For Now, No Clarity On Item 303 Disclosure Liability: What’s Next?

Todd Fishman

Item 303 of SEC Regulation S-K requires registrants to disclose “any known trends . . . events or uncertainties . . . that will result in . . . the registrant’s liquidity increasing or decreasing in any material way[.]” The purpose of Item 303 is to require disclosure of company management’s discussion and analysis of information that may be important to an investor’s understanding of the company’s earnings, current financial position and outlook for the future. These disclosures are often quite lengthy and cover a wide range of subject matters relevant to a company’s financial condition, and should include disclosures of potential threats to a company’s business, operational results, and financial condition.

 

Failure to make the disclosures required by Item 303 can result in SEC enforcement proceedings. Until recently, however, there was no appellate authority suggesting that Item 303 could give rise to a private right of action by investors for Item 303 violations.

 

The landscape changed last year, when the U.S. Court of Appeals for the Second Circuit held that investors have a private right of action under Section 10(b) of the Exchange Act and SEC Rule 10b-5 when a company fails to make a disclosure required by Item 303. See Indiana Pub. Ret. Sys. v. SAIC, Inc., 818 F.3d 85 (2d Cir. 2016). In other words, in the Second Circuit’s view, Item 303 creates an actionable duty to disclose.

 

The Second Circuit’s holding is in direct conflict with holdings from the Third and Ninth Circuits, which have rejected the argument that Item 303 imposes a duty to disclose that can give rise to a private right of action for securities fraud. See In re NVIDIA Corp. Sec. Litig., 768 F.3d 1064 (9th Cir. 2014); Oran v. Stafford, 226 F.3d 275 (3d Cir. 2000). Notably, the Third Circuit’s opinion in Oran was authored by now-Justice Samuel Alito when he was a court of appeals judge. Judges in the Sixth and Eleventh Circuits, while not reaching the ultimate question, have also expressed skepticism that there is any basis for a private right of action to enforce Item 303. See Thompson v. RelationServe Media, Inc., 610 F.3d 628, 682 n.78 (11th Cir. 2010) (Tjoflat, J., concurring in part and dissenting in part); In re Sofamor Danek Grp., Inc., 123 F.3d 394, 403 (6th Cir. 1997).

 

The Supreme Court granted certiorari to resolve the split created by the Second Circuit, and scheduled argument in the case for November 6, 2017. The argument, however, was cancelled, and the case is being held in abeyance while the parties seek court approval of a settlement. Assuming the settlement is approved, it will result in a continuing circuit split that may only deepen as new cases are filed in circuits that have not yet taken a position on this issue. Certainly, investors will continue to file Item 303 litigation in the Second Circuit.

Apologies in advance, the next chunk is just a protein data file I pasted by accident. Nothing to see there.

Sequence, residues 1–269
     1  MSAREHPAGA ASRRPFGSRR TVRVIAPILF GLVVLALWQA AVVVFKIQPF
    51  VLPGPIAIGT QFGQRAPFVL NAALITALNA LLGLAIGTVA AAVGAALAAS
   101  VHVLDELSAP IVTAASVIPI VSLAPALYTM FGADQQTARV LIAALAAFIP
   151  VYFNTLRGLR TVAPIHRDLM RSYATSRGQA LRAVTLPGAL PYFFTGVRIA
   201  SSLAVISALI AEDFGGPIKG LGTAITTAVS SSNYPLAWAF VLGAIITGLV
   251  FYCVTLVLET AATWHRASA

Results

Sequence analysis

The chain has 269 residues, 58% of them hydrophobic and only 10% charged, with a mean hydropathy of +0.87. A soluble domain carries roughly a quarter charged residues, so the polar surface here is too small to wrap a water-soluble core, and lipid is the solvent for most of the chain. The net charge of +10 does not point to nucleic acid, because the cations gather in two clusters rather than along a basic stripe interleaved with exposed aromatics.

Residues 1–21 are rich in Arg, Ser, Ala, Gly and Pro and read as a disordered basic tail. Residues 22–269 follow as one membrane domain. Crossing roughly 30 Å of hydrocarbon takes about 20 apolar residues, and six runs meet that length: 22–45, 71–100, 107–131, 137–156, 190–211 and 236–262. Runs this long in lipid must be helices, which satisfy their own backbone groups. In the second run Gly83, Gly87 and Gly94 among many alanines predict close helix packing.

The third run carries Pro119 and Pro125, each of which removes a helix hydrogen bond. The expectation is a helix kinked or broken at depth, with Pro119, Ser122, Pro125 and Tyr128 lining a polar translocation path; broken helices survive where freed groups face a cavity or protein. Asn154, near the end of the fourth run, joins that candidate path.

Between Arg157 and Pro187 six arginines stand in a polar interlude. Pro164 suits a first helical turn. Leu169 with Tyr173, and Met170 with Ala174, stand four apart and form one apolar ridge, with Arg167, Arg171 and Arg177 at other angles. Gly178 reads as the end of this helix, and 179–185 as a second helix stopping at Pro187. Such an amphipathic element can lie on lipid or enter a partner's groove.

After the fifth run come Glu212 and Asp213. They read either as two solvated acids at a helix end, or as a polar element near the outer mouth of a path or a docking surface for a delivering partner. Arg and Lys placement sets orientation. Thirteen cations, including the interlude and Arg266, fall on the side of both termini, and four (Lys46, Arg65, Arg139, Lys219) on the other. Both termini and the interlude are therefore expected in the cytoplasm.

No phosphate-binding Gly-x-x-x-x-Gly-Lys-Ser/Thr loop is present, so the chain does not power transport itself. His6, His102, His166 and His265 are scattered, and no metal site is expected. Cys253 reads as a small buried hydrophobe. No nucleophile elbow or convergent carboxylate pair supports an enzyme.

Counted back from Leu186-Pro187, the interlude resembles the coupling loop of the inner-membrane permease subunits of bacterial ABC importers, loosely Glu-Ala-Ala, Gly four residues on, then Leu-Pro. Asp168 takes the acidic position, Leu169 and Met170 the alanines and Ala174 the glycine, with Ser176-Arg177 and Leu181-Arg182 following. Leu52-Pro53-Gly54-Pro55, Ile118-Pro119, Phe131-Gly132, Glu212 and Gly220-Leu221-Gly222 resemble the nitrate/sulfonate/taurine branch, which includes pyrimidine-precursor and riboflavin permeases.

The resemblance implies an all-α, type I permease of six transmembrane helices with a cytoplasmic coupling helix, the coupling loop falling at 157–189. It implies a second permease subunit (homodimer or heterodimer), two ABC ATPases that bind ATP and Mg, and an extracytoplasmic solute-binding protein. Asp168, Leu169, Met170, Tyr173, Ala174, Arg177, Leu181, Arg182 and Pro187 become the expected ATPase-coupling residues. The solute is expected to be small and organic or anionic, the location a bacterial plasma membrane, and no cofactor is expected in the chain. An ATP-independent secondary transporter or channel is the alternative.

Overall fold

Shareholder activism is already prevalent in the United States and continues to increase. Activist investors generally attempt to encourage changes in a company’s management, policies, practices or social responsibilities (e.g., climate change initiatives). Failure to make required disclosures around trends that may materially impact a registrant could lead to exposure to activist shareholder litigation on a number of fronts, including:

 

  • Cyber security: The SEC has made clear that enforcing against registrants who fail to take appropriate steps to safeguard information is a priority. (See a recent speech on the subject by the Co-Director of the SEC’s Division of Enforcement here.) In particular, SEC enforcers have “reminded registrants that material information regarding cyber risk may be required in connection with disclosures mandated by the Commission’s rules regarding Management Discussion and Analysis, as well as other items, such as Risk Factor Disclosures.” Companies who fail to disclose cyber security-related risks may face shareholder-initiated securities fraud litigation for their silence if and when such risks materialize.

 

  • Climate change: Investors, and particularly activist shareholders, will expect disclosures relating to the reputational and financial risks a company faces as a result of climate change. An Australian-law based shareholder litigation was recently filed in Australia against a bank for failure to make climate change-related disclosures stemming from the bank’s plan to provide funding to a coal mine project. The shareholders dropped the suit after the bank made changes to its annual report. (See reporting on the matter here.)

 

  • Technological disruption: Investors may also expect companies to make disclosures when management sees technological trends that may devalue company products and threaten the company’s bottom line.

 

Until the Supreme Court once again has the opportunity to address the division among the federal appellate courts on this issue, registrants will face Item 303 failure to disclose litigation by investors in the Second Circuit and any other circuit that follows the Second Circuit’s lead. Given the slow pace of U.S. securities litigation, it may be many years before a new case presenting this issue makes its way to Supreme Court.

 

 

This blog post was written with assistance from Justin Ormand, an associate in Allen & Overy’s New York litigation group. 

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